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User reviews for the Home Theater Master MX-500 from Universal Remote Control Inc.
Home Theater Master MX-500
RatingsReviewsMSRP (USD)
Average: 4.80/5.00
Median: 5.00/5.00
157$149
The MX-500 is a 10-device all-buttoned remote control with an LCD screen for custom labels on 10 adjacent buttons. It includes full infrared learning capabilities, a preprogrammed database, 5-way joystick, macros and more.
Get it
at:
Amazon.com


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Now viewing user reviews page 21 of 23 for
the Home Theater Master MX-500 remote.
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Written by Michael from San Diego.
The reviewer has used this remote control for 1-3 months.
Review 17 made on Sunday May 27, 2001 at 12:29 AM.
Strengths:See what everyone else says.
Weaknesses:I see 5 big weaknesses that are not obvious when reading the specs.

One weakness and it is a BIG one to me is that you cannot do macros within a device. For example, I want to select my TiVo, then have a single button that sends several commands on the device page. Nope, sorry, device page commands cannot be macros.

2nd problem, I need more pages within each device. It only has 2, thus only 20 commands per device. I really want to get rid of all my other remotes, but cannot because 20 buttons are not enough.

3rd. It has "guide", "menu", "exit" and "info" painted in gold above some keys. These are really useful keys for many devices like a Replay and TiVo(I have both). However there is no way to get to those buttons. They just use the FF, Rew, Rec, pause buttons. This is fine if you are running a SAT, but doesn't work for a PVR. It needs a "shift" key!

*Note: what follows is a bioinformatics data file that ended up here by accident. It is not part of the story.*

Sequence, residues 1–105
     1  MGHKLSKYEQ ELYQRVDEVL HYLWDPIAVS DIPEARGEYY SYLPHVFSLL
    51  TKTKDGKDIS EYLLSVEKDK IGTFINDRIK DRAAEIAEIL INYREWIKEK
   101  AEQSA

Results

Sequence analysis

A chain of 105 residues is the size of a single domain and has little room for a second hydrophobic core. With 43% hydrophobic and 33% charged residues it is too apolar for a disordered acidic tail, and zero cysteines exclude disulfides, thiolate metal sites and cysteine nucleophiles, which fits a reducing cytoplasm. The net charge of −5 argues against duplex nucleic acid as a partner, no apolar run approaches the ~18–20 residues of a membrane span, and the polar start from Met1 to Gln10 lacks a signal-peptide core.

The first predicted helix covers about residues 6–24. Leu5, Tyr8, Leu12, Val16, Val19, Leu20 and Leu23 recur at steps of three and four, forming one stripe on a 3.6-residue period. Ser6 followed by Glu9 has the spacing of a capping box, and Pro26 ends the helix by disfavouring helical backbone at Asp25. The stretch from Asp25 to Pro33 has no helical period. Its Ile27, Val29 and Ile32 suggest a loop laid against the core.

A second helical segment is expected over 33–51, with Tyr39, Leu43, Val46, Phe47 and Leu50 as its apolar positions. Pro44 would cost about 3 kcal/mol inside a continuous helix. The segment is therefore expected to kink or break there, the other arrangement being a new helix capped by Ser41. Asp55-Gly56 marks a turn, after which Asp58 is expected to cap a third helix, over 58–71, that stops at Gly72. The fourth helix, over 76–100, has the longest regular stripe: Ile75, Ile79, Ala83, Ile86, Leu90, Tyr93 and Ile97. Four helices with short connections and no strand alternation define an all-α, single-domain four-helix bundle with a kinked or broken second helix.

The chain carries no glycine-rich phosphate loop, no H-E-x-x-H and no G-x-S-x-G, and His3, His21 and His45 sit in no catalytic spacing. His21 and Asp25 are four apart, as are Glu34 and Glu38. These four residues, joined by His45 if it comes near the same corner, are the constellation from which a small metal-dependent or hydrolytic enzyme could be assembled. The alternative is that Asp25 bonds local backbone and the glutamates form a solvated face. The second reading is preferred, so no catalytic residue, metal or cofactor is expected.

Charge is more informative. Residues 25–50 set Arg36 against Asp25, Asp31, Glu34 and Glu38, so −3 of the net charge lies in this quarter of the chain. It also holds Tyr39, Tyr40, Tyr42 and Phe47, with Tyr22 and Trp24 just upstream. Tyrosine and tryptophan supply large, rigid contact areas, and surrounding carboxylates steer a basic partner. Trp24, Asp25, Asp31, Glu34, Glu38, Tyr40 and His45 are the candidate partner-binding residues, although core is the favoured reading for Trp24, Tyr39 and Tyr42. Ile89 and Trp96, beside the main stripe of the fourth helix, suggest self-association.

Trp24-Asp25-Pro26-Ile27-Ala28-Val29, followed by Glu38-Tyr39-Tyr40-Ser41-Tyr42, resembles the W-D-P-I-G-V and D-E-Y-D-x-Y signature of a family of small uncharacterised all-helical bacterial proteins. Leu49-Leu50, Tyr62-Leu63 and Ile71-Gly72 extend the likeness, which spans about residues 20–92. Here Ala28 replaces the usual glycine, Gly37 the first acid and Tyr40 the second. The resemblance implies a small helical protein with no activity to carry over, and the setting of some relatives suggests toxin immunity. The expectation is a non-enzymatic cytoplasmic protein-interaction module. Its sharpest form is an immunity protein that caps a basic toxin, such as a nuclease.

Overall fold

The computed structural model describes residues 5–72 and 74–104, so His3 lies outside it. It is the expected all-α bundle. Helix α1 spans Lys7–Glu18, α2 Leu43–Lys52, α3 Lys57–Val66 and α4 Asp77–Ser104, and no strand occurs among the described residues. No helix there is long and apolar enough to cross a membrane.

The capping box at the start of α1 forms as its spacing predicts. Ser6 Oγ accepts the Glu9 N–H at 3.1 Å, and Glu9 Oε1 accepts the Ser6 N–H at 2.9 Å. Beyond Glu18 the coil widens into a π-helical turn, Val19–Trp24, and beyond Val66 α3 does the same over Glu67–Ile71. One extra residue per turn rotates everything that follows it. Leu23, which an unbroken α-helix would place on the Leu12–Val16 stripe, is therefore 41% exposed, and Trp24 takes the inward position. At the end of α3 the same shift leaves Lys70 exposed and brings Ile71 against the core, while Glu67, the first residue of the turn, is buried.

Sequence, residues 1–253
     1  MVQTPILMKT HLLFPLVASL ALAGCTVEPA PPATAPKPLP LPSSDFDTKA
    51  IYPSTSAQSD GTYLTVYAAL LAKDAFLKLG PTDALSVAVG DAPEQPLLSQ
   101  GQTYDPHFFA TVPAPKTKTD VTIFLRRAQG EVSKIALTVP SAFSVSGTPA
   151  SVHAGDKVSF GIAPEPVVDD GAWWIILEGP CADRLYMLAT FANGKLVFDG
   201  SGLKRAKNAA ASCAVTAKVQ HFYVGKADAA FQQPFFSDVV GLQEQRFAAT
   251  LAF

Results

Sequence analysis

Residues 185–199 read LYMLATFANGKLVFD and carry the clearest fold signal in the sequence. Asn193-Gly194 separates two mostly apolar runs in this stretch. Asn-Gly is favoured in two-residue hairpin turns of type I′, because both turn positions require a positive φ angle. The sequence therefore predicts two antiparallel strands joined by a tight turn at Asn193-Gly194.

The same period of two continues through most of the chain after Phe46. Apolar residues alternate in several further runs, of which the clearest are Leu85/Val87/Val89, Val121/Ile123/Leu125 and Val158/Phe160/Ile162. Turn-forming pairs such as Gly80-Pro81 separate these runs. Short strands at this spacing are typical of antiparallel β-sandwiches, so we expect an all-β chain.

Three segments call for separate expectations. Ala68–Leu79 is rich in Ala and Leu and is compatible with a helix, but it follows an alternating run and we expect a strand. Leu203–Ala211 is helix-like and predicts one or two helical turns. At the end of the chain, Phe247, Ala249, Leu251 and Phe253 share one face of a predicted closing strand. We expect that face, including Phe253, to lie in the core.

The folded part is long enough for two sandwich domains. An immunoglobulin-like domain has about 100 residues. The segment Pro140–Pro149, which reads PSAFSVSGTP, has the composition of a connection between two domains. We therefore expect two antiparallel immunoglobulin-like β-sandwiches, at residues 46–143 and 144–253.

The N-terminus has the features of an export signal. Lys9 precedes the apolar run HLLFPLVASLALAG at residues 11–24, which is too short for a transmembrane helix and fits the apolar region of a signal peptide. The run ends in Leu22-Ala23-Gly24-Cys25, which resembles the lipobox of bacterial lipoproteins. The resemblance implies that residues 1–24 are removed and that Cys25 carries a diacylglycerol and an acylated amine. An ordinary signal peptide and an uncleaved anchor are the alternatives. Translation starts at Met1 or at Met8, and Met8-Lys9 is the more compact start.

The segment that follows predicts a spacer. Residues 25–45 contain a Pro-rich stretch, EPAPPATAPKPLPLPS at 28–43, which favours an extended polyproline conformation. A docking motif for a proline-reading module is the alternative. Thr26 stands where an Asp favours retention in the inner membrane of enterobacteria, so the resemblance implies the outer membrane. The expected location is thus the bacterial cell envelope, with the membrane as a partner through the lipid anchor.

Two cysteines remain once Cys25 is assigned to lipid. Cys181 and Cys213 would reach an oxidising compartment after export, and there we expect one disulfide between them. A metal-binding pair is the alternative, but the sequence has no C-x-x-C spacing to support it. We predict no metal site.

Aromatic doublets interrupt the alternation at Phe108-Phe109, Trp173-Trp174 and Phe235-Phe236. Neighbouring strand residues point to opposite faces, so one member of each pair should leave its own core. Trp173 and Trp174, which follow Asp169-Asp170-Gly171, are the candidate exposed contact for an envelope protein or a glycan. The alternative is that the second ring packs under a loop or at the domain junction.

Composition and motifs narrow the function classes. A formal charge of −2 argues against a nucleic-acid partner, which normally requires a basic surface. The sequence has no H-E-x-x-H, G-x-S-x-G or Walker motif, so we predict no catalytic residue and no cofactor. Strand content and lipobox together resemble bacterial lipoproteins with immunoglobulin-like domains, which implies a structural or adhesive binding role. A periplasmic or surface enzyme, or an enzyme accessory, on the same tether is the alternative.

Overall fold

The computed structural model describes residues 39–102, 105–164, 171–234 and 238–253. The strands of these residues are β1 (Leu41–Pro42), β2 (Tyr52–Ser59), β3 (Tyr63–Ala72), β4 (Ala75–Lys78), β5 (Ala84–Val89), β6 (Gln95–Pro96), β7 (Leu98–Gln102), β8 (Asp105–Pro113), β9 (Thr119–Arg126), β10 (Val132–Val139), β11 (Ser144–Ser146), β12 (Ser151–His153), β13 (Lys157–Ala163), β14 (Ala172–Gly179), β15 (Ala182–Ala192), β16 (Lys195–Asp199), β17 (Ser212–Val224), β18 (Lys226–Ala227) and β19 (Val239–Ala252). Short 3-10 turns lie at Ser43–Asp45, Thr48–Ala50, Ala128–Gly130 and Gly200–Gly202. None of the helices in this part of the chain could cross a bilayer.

4th, this thing needs a PC interface. It is easy to program, but to move things around and get it right can be an exercise in futility...

The 5 way pad plastic ring needs to be lower. All the keys are a bit too hard to hit due to it.
Review:Nice remote, not quite what I had hoped though. Actually mine was broken out of the box, VCR2 device would not program...
Quality: Features: Value:

Written by Scott from Pennsylvania.
The reviewer has used this remote control for 1-3 months.
Review 16 made on Saturday May 26, 2001 at 12:24 PM.
Strengths:Programmable labels, handheld size, good backlighting, ease of use once programmed, macro key functions, especially the ability to place macro on device keys.
Weaknesses:Preprogrammed labels not very associated with the functions they do, many features need to be programmed manually. Time consuming to program manually, would be helpful to have a full keyboard or pc link. Not effective as table use remote, since hitting some keys tips remote over (that being said, it feels very comfortable for in hand use). No ability to move key labels and learned functions once they have been assigned.